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New transnational collaboration to target circuit dysfunctions in Parkinson´s disease

The Basal Ganglia Pathophysiology research group has long experience in using established behavioral tests to monitor rodent behavior. This is used in combination with recordings of neuronal activity and molecular investigations with classical immunohistochemical methods. Photo: The Basal Ganglia Pathophysiology research group.
The Basal Ganglia Pathophysiology research group has long experience in using established behavioral tests to monitor rodent behavior. This is used in combination with recordings of neuronal activity. Copyright: The Basal Ganglia Pathophysiology group

A large collaborative project focused on understanding and treating dysfunctions of cortico-basal ganglia circuits in Parkinson´s disease (PD) has been awarded 35 million DKK from the Lundbeck Foundation. Angela Cenci Nilsson, coordinator of MultiPark, leads one of the three included research teams. Her group, the Basal ganglia pathophysiology, will conduct studies in animal models providing a basis for the development of novel approaches to non-invasive circuit modulation.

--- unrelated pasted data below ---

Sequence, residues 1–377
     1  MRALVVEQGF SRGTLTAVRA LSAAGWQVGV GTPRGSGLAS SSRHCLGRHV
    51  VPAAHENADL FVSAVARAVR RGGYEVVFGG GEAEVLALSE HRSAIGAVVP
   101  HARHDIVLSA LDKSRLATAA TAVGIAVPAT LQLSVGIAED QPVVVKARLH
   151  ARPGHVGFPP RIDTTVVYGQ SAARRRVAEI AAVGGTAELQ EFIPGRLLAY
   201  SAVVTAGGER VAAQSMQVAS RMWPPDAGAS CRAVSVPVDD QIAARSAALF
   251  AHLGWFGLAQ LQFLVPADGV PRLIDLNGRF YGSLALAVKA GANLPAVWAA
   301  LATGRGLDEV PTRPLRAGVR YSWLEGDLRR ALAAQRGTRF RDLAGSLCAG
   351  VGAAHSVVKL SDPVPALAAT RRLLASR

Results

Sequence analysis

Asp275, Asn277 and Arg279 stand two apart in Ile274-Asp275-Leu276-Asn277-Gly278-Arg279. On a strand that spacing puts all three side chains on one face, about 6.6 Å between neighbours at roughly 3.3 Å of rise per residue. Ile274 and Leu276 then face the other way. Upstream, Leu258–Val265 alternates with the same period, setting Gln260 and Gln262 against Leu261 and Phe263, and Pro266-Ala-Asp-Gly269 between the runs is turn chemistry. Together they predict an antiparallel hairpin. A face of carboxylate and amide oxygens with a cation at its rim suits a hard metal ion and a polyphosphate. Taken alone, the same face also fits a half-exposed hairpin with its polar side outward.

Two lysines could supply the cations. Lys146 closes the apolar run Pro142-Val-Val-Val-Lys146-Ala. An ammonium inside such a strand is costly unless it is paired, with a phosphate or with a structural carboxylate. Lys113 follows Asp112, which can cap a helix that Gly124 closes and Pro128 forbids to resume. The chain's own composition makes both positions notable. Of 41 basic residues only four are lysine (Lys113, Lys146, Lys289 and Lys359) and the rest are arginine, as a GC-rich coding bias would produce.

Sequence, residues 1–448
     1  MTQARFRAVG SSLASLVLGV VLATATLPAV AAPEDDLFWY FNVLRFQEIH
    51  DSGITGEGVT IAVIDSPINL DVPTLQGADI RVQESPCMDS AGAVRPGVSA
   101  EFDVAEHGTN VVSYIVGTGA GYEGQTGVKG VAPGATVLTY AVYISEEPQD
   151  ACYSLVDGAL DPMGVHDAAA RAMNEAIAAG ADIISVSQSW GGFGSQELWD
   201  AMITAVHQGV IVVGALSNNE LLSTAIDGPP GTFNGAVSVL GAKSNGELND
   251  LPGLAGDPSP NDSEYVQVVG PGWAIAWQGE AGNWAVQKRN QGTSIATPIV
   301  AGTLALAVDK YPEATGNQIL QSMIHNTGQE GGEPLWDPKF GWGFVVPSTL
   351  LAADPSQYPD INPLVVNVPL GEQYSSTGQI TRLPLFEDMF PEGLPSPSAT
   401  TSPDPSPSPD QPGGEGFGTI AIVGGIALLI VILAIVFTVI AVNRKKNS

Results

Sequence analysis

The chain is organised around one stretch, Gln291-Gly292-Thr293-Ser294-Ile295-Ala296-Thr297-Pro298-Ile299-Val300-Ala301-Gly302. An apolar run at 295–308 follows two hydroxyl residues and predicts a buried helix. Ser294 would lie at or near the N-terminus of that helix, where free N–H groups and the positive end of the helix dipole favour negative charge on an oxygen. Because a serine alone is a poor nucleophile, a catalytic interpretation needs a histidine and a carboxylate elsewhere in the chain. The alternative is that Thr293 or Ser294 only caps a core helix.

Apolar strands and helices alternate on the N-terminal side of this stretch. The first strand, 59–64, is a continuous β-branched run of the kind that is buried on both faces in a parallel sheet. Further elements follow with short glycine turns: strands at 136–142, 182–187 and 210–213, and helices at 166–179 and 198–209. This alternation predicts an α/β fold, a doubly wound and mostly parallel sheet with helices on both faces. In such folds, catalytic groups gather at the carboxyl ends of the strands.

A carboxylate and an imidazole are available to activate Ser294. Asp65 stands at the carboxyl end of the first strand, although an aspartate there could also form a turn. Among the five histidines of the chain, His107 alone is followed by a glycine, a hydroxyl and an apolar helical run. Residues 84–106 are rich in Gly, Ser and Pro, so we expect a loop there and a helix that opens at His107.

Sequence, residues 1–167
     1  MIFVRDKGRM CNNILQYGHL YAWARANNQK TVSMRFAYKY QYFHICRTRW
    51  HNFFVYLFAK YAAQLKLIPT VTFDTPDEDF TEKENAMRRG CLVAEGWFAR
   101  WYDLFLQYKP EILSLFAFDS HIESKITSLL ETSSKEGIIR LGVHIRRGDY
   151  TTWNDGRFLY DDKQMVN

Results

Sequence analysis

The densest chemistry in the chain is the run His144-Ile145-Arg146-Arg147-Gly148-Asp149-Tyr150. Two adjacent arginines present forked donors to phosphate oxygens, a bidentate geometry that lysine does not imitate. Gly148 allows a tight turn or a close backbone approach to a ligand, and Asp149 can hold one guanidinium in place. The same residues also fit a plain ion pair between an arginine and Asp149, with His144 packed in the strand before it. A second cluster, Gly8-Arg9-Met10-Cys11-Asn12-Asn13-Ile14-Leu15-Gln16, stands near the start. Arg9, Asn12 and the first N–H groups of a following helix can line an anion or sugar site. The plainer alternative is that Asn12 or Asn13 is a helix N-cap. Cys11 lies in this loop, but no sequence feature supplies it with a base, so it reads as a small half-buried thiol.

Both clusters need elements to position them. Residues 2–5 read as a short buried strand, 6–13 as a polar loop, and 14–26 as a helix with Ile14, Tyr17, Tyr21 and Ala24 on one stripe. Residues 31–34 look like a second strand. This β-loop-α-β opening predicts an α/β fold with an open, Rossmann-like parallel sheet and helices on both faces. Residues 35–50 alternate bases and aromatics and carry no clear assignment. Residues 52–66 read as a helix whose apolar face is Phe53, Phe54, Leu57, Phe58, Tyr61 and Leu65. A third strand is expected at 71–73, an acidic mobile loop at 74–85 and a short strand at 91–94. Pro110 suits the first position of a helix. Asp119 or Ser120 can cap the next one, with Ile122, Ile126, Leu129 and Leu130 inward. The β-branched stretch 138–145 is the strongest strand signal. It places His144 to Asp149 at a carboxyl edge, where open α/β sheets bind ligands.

ADAPT-PD stands for ADAptive and Precise Targeting of cortex-basal ganglia circuits in Parkinson´s Disease. This project is a transnational collaboration, directed by Hartwig Siebner at the Danish Research Centre for Magnetic Resonance, Hvidovre. The research program spans from basic studies in experimental models to the clinical evaluation of novel treatment principles. The aim is to identify alterations in network dynamics causing motor and non-motor impairments in Parkinson´s disease (PD) and L-DOPA-induced dyskinesia. The gained knowledge will serve to develop precise approaches to circuit modulation. Professor Angela Cenci Nilsson will lead all preclinical investigations in rodent models.

Our final goal is to find optimal and precise targets for neuromodulation that are tailored to the needs of different patients.

“Our final goal is to find optimal and precise targets for neuromodulation that are tailored to the needs of different patients. We set the bar high in terms of anchoring potential new treatments to an understanding of what goes wrong in the brain during the evolution of PD. To reach this goal, it is essential to be able to mimic different types of symptoms in rodent models that are accessible to multiple levels of scientific investigation”, explains Angela Cenci Nilsson.

At Lund University, the Basal Ganglia Pathophysiology Unit will conduct advanced behavioral analyses in mouse models. This will be combined with brain-wide and single cell-resolved mapping of neural activity and optogenetic circuit manipulations. The project has just started and a post-doc position is available.

New postdoc position

START DATE: Any time from October 2021 through February-March 2022.

DURATION: 2-3 years.

Link to the Basal ganglia pathophysiology homepage.

Contact Angela Cenci Nilsson for more information.